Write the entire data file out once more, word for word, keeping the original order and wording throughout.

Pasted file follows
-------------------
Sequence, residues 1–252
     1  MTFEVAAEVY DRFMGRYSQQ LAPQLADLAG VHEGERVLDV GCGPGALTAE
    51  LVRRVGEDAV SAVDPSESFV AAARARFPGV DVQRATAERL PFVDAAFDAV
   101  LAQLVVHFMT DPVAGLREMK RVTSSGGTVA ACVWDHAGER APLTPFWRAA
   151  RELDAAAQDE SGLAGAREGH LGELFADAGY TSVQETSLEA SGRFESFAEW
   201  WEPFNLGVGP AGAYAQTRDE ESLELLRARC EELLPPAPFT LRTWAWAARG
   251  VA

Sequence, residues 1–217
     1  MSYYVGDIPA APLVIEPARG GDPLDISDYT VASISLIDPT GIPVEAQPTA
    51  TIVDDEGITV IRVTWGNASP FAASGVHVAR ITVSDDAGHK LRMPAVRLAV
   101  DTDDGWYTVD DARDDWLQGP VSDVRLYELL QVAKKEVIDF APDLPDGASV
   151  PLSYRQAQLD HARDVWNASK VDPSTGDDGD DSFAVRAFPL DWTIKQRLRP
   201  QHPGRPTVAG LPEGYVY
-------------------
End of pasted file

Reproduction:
Sequence, residues 1–252
     1  MTFEVAAEVY DRFMGRYSQQ LAPQLADLAG VHEGERVLDV GCGPGALTAE
    51  LVRRVGEDAV SAVDPSESFV AAARARFPGV DVQRATAERL PFVDAAFDAV
   101  LAQLVVHFMT DPVAGLREMK RVTSSGGTVA ACVWDHAGER APLTPFWRAA
   151  RELDAAAQDE SGLAGAREGH LGELFADAGY TSVQETSLEA SGRFESFAEW
   201  WEPFNLGVGP AGAYAQTRDE ESLELLRARC EELLPPAPFT LRTWAWAARG
   251  VA

Sequence, residues 1–217
     1  MSYYVGDIPA APLVIEPARG GDPLDISDYT VASISLIDPT GIPVEAQPTA
    51  TIVDDEGITV IRVTWGNASP FAASGVHVAR ITVSDDAGHK LRMPAVRLAV
   101  DTDDGWYTVD DARDDWLQGP VSDVRLYELL QVAKKEVIDF APDLPDGASV
   151  PLSYRQAQLD HARDVWNASK VDPSTGDDGD DSFAVRAFPL DWTIKQRLRP
   201  QHPGRPTVAG LPEGYVY